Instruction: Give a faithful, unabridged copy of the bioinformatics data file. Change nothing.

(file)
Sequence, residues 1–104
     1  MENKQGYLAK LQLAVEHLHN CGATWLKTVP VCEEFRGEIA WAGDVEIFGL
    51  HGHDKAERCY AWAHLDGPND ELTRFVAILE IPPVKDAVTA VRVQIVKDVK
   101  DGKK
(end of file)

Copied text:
Sequence, residues 1–104
     1  MENKQGYLAK LQLAVEHLHN CGATWLKTVP VCEEFRGEIA WAGDVEIFGL
    51  HGHDKAERCY AWAHLDGPND ELTRFVAILE IPPVKDAVTA VRVQIVKDVK
   101  DGKK